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Canadian banks? No thanks, says Lazard’s global equities specialist Add to ...

Global equities specialist Patrick Ryan, a director and portfolio manager with Lazard Asset Management in New York, has strong opinions on where money should be going these days – and where it shouldn’t. He and his colleagues look for what he calls “pockets of resilience” – whether individual stocks or markets. Emerging markets are high on his list. Most Canadian stocks are not even on his radar.

What’s your prognosis for the United States in the wake of the automatic budget cuts?

The economy can absorb some headwinds and continue to grind forward. If it does, that’s really a very good outcome. We’re not macro people. We don’t forecast. We don’t have an economist. We do it [investing] very much on a bottom-up basis, looking at individual stocks. So we’re not going to say: “Let’s get long U.S. stocks because housing has bottomed.”

In fact, You have noted that the obvious plays on the U.S. housing recovery, like the homebuilders, are done.

Toll Brothers has retraced 80 per cent of its [stock] decline off its peak. Is it ever going to get back to the old peak, which after all was a bubble?

Which other market stories are over, or overdone?

The biggest are those big-cap, blue-chip bond-proxy stocks. Tobacco is the poster-child for this phenomenon. We had 10 per cent of our fund in tobacco in early 2009 [when those stocks traded at eight times earnings and yielded 8 per cent]. In an environment like that, they certainly were attractive. I never thought I’d see tobacco reach a premium to the broad market. It’s a great example of people overpaying for stability.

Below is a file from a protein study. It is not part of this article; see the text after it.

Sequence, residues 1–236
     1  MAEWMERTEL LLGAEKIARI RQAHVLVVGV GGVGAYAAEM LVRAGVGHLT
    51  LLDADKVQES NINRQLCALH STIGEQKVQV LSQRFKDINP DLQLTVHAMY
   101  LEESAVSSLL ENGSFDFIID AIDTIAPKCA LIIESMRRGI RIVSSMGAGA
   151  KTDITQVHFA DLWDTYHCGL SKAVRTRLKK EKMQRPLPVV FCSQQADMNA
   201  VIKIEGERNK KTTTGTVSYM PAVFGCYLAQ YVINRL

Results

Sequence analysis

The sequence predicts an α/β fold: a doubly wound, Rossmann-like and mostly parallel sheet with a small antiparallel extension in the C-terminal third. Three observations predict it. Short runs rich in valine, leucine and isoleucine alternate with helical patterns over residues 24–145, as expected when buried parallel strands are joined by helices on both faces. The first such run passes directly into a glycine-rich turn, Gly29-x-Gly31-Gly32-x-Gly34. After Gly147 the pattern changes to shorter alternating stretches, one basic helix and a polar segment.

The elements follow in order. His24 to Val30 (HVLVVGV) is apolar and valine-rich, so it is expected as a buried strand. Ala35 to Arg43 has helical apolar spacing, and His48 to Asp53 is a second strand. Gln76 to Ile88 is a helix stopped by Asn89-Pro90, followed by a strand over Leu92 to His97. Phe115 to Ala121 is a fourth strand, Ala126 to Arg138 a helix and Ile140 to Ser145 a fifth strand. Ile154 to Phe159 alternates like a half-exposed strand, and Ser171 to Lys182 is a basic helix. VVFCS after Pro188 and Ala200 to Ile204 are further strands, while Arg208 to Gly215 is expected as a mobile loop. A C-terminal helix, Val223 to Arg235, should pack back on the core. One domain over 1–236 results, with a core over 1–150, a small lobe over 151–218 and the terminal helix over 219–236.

Any markets to avoid entirely because of political or other risks?

We don’t exclude anything, but we explicitly adjust our target prices for corporate governance, political and macro risk. So [for] a company operating in Russia, we’re going to say it’s worth $10 broadly. Since it’s in Russia it’s worth $8. So if it’s at $6, we’ll buy it.

But you do hold Russian stocks, don’t you?

We’re actually pretty positive on Russia. It’s unloved and it’s cheap, and as a result, we’re finding opportunities there.

Let’s look at some key sectors, like financials.

We like the financials, but in very targeted areas.

And those would be?

Emerging market banks, REITs in the U.S. and European insurance companies. There’s no starker contrast than meeting with the management of an emerging market bank and then a developed market bank. It’s night and day. One is looking at loan growth of 15 to 20 per cent as people get access to credit for the first time [in certain markets]. Their biggest problem is how to find the money to [lend]. It’s a high-class problem to have. Chinese banks are still yielding between 4 and 5 per cent; Brazilian [banks] are holding over 5 per cent. We think those are attractive opportunities.

I notice that you don’t own any Canadian banks.

We have not had much exposure to Canada historically. We have not owned the banks. We have owned the telecoms at times. ... The banks always looked expensive to us. And then the financial crisis came, and we realized they were better-quality businesses and that’s maybe why they were a little more expensive. We’re not finding a lot of value there.

Why European insurers?

They are better, more resilient businesses [than the banks]. They have paid dividends throughout the financial crisis. Yet, they get tarred with the same brush [as the European banks].

And the U.S. real estate investment trusts?

They have been good performers, although we have been reducing [exposure]. They are tangible businesses with tangible assets. They’re financial plays without being banks.

Is tech more appealing now that more companies are issuing dividends?

For a long time, U.S. tech, in particular, was kind of a wasteland for the dividend-focused investor. That is beginning to change. It’s good for the industry. One of the reasons I like dividends is because they instill capital discipline in managements. It’s hard to be disciplined when you have $100-billion in your pocket. It’s like going shopping with your wallet full of hundreds. You know you’re going to make dumb purchasing decisions.

This interview has been edited and condensed.

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